introduction: The lyrics to a song about the god Bata recorded in the Tomb of Paheri are from a story called The Story of Two Brothers. In this tale, a child named Bata came to live with his older brother Anubis and Anubis' wife. As Bata matured into a young man, Anubis' wife made sexual advances toward him, which he repulsed. In revenge, Anubis' wife told her husband that Bata had tried to seduce her. Anubis determined to kill Bata, but the young man escaped. In the following passage, Bata confronts his brother Anubis across a river filled with crocodiles.

Then the youth rebuked his elder brother saying: "What is your coming after me to kill me wrongfully, without having listened to my words? For I am yet your young brother, and you are like a father to me, and your wife is like a mother to me. Is it not so that when I was sent to fetch seed for us your wife said to me: 'Come, let us spend an hour lying together'? But look, it has been turned about for you into another thing." Then he let him know all that had happened between him and his wife. And he swore by Pre-Harakhti, saying: "As to your coming to kill me wrongfully, you carried your spear on the testimony of a filthy whore!" Then he took a reed knife, cut off his phallus, and threw it into the water; and the catfish swallowed it. And he grew weak and became feeble. And his elder brother became very sick at heart and stood weeping for him loudly. He could not cross over to where his brother was on account of the crocodiles.

source: "The Story of the Two Brothers," in The New Kingdom. Vol. 2 of Ancient Egyptian Literature. Trans. Miriam Lichtheim (Berkeley and Los Angeles: University of California Press, 1976): 206.


introduction: These songs were preserved in the tomb of Paheri of El Kab. Another partial copy of these songs is painted on the walls of the Tomb of Wensu in Thebes. Both of these sites are in Upper Egypt. It is difficult to determine whether these songs spread to other parts of Egypt, but it is significant that at least some songs were repeated in different places and at different times. This phenomenon suggests some continuity in knowledge of Egyptian music.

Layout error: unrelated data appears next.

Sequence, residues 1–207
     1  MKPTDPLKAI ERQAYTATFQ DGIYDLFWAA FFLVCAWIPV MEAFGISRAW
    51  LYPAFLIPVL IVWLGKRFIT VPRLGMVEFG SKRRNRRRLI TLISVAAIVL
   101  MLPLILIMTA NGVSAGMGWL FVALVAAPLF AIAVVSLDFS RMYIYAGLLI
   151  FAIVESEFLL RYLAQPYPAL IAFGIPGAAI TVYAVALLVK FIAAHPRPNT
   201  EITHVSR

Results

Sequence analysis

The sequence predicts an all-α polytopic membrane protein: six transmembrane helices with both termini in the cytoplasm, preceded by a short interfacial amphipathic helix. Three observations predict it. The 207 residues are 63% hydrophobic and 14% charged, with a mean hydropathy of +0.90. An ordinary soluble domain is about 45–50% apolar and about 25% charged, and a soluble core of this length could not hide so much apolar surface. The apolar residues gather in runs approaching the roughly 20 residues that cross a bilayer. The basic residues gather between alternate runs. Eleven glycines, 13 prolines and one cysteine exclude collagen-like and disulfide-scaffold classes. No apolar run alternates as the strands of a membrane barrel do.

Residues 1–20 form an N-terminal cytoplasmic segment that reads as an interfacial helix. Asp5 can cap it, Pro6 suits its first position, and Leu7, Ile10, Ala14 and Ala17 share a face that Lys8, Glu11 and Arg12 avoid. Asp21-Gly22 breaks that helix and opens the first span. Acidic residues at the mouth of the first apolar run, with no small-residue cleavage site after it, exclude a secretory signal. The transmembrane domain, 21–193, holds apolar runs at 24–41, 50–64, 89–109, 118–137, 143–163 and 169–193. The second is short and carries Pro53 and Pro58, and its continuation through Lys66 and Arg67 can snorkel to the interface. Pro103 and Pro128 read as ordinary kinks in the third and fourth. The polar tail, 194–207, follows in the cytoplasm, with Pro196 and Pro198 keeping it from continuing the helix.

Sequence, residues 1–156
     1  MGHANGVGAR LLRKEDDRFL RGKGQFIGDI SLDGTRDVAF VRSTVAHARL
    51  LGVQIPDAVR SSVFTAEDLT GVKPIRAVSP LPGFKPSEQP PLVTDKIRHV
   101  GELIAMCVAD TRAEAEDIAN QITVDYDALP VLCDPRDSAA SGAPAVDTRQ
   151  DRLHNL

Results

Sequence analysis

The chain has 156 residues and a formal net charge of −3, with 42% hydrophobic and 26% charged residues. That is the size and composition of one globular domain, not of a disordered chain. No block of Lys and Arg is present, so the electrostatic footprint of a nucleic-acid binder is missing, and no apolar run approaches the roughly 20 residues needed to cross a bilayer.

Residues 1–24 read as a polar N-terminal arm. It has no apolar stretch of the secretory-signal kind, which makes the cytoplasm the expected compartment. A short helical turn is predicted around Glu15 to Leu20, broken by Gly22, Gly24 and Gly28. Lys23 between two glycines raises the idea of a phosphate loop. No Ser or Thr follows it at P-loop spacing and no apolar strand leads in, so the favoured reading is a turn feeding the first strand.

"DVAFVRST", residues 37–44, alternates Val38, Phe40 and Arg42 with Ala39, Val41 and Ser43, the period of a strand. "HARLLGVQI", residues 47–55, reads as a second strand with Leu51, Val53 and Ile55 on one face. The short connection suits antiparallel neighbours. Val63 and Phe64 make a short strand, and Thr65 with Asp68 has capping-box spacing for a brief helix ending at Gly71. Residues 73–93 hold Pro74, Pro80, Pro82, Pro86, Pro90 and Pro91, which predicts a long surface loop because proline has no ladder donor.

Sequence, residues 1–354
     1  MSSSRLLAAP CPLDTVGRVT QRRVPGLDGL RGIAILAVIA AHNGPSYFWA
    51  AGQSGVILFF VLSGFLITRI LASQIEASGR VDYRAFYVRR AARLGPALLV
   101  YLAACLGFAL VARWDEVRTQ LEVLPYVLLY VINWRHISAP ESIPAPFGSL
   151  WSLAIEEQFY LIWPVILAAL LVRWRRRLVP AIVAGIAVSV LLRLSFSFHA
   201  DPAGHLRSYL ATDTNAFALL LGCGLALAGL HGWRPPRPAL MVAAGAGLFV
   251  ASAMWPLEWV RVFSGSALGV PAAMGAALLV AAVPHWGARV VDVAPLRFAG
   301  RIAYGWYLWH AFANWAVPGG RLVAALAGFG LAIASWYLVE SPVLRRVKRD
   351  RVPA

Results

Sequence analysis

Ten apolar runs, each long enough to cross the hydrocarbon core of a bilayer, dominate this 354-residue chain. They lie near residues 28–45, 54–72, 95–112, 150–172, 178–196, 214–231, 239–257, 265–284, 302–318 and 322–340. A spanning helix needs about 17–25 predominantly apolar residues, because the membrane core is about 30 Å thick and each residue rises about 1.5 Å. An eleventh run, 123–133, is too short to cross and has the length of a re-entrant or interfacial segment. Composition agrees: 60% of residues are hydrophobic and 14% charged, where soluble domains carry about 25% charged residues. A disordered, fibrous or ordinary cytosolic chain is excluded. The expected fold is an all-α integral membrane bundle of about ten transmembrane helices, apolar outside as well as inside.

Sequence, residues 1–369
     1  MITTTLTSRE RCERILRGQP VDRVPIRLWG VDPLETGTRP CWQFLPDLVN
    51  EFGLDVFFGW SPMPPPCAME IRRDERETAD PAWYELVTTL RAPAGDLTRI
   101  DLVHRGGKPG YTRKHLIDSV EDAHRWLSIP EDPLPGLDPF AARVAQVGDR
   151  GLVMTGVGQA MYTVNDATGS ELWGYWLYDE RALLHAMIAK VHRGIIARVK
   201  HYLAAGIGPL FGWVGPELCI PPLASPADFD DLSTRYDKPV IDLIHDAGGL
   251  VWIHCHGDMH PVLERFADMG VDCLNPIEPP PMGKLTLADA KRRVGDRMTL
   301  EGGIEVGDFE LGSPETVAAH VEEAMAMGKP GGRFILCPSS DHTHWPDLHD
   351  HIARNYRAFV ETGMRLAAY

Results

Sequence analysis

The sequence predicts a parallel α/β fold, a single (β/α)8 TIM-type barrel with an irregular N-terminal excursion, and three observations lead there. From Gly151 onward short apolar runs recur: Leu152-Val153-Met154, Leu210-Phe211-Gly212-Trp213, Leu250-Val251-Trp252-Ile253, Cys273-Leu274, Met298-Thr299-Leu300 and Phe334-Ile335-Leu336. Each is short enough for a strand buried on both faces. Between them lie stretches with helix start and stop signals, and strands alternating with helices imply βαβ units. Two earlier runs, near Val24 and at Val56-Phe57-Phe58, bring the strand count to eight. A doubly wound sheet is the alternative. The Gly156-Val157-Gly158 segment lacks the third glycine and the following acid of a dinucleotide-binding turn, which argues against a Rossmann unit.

The Plowing Song

We do (it).
Look! Do not fear for the fields! They are very good!
How good is what you say, my boy!
A good year is free from trouble.
All the fields are healthy. The calves are the best!

The Hoeing Song

I shall do more than my work for the nobleman!
My friend, hurry up with the work, and let us finish in good time.

The Harvest Song

A part song:
This fine day goes forth on the Land.
The northern breeze has risen.
The sky does our desire.
Our work binds our desires.

Translated byEdwardBleiberg.


In addition to agricultural work, music appears to have played a role in the hunting of game. Three scenes, each carved in different time periods, seem to depict servants flushing game with music. Yet it is not clear if the servants are just making noise to scare away birds, perhaps from crops, or if they are indeed flushing game. Furthermore, the scenes do not clearly demonstrate whether the servants are making music or are just making noise. The three examples come from an Old Kingdom tomb, from a block from a building in Tell el Amarna, and from a Roman period relief. The Old Kingdom tomb scene shows a small boat steered through the marsh by an oarsman and helmsman. Two other men stand in the boat. A boy holds two bird decoys with one hand while the other hand holds a tube on which the boy is blowing. Since not all of the tube is preserved, it is not possible to say for certain that it is a trumpet whose noise or song would flush out the game in the marsh, but the presence of decoys certainly suggests hunting given evidence of their use in the New Kingdom. In the Amarna relief only one stone block is preserved. On the left side, a woman holds a tambourine. There is also the figure of a second woman and a boy with up-raised arms. On the right side is a tree with one bird either alighting or flying off, startled by the tambourine. Again it is unclear whether there is a connection with hunting, though the bird's pose is similar to other New Kingdom hunting scenes. A third Roman period relief shows women beating tambourines to scare birds out of the undergrowth. Such scenes suggest possibilities for the use of music in hunting that cannot be fully confirmed with the present state of the evidence.


Hartwig Altenmüller, "Bemerkungen zum Hirtenlied des Alten Reiches," Chronique D'Egypte 48 (1973): 211–231.

T. G. H. James, Pharaoh's People: Scenes from Life in Imperial Egypt (Oxford: Oxford University Press, 1985).

Lisa Manniche, Music and Musicians in Ancient Egypt (London: British Museum Press, 1991).